Thursday’s Headlines: Slack Stock Falls Despite Beating Analysts

Thursday’s Headlines: Slack Stock Falls Despite Beating Analysts

1. Slack shares dropped about 4% in extended trading on Wednesday. The workplace software developer reported better-than-expected quarterly results but provided a concerning outlook with guidance predicting losses of between 6 and 7 cents per share, suggesting costs may be higher than expected. The SaaS company outlined a loss of 2 cents per share on revenue of $169 million, versus estimates of a loss of 8 cents per share on revenue of $156 million, with sales up 60% year on year. Slack has been troubled by growing costs as well as increased competition from Microsoft Teams and is down more than 40% from its first-day close on June 20. For the complete report, read here.

 

2. GoPro investors received some welcome news on Wednesday night after the company reported record Black Friday and Cyber Monday sales, boosted by new cameras. GoPro’s total camera sales surged 120% year-over-year in the time between the two shopping days, with customers responding well to the company’s latest products, the Hero8 Black and Max, as well as additional new GoPro app features. The sales may not be enough to revitalize the struggling company but will be a welcome boost, as GoPro recently reported sales of $131 million in the third quarter and a net loss of $75 million, or 51 cents a share loss. Read the full report here.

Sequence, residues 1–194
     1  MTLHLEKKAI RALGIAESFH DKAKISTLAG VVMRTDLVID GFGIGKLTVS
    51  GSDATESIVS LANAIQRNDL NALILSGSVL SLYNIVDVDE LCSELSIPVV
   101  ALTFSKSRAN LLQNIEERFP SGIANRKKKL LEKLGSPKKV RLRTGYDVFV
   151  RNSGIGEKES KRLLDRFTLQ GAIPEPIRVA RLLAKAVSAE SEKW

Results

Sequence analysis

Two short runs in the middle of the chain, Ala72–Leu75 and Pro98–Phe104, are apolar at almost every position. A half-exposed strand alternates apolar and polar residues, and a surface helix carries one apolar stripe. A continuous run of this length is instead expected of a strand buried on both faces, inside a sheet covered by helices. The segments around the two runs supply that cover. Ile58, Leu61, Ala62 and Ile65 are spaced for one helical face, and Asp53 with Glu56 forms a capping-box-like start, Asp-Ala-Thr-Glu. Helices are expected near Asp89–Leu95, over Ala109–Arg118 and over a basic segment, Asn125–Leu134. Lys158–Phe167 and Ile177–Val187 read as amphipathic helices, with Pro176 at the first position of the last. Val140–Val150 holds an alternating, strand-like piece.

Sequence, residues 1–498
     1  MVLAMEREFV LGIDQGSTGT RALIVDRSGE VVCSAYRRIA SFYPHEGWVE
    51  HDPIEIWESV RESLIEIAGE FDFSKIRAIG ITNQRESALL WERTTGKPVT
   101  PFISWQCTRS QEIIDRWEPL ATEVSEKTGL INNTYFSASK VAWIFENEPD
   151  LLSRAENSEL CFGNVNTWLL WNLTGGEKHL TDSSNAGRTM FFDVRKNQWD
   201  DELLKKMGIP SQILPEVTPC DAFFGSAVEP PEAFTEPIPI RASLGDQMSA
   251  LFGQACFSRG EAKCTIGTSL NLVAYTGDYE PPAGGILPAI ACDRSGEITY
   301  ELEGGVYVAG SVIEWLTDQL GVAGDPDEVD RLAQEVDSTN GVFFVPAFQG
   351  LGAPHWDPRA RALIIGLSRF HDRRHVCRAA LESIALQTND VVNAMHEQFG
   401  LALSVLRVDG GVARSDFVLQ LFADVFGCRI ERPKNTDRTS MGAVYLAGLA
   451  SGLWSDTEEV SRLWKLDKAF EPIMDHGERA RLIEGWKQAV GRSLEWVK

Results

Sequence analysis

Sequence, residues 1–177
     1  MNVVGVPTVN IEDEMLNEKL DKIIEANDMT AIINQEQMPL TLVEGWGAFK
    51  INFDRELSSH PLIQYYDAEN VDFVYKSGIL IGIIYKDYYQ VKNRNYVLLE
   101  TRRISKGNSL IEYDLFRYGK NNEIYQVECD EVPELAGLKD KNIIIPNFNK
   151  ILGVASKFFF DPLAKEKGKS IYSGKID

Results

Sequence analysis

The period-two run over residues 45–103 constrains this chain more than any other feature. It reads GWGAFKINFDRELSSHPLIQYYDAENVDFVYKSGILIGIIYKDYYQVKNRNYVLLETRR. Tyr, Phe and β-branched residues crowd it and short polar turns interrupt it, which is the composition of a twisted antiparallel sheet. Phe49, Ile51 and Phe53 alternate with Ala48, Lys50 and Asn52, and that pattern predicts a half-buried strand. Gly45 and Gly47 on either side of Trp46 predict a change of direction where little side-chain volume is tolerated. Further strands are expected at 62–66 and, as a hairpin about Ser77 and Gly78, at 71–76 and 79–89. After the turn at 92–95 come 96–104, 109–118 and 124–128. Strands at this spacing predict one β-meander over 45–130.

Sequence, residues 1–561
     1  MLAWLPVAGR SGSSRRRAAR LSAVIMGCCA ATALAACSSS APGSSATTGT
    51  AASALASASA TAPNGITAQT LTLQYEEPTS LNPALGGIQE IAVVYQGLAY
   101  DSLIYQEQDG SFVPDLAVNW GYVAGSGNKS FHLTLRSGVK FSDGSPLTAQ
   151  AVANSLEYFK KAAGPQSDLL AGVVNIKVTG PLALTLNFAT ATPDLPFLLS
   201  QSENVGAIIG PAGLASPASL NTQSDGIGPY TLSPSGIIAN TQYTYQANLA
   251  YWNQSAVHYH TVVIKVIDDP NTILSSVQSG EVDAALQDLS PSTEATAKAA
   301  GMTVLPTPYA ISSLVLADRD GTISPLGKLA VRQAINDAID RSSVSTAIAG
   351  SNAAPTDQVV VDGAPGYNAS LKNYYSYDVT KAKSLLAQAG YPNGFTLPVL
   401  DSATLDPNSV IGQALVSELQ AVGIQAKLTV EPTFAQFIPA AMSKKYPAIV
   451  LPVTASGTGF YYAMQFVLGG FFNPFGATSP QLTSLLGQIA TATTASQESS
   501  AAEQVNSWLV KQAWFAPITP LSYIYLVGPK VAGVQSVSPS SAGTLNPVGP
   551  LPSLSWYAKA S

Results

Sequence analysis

3. Shares in the world’s third-largest beer company, Constellation Brands was down on Wednesday following news that it would be selling the struggling Ballast Point Brewing Company. Purchased for an eye-watering $1 billion in 2015, Ballast has suffered two straight years of decline, and will be purchased for an undisclosed fee by hotelier-turned-brewery owner Brendan Watters. If Constellation could not make Ballast work, it’s unclear how an unknown startup that made just 550 barrels of beer in 2018 can turn things around. Get the full story here

JamieJamie

Sign up for free to continue reading.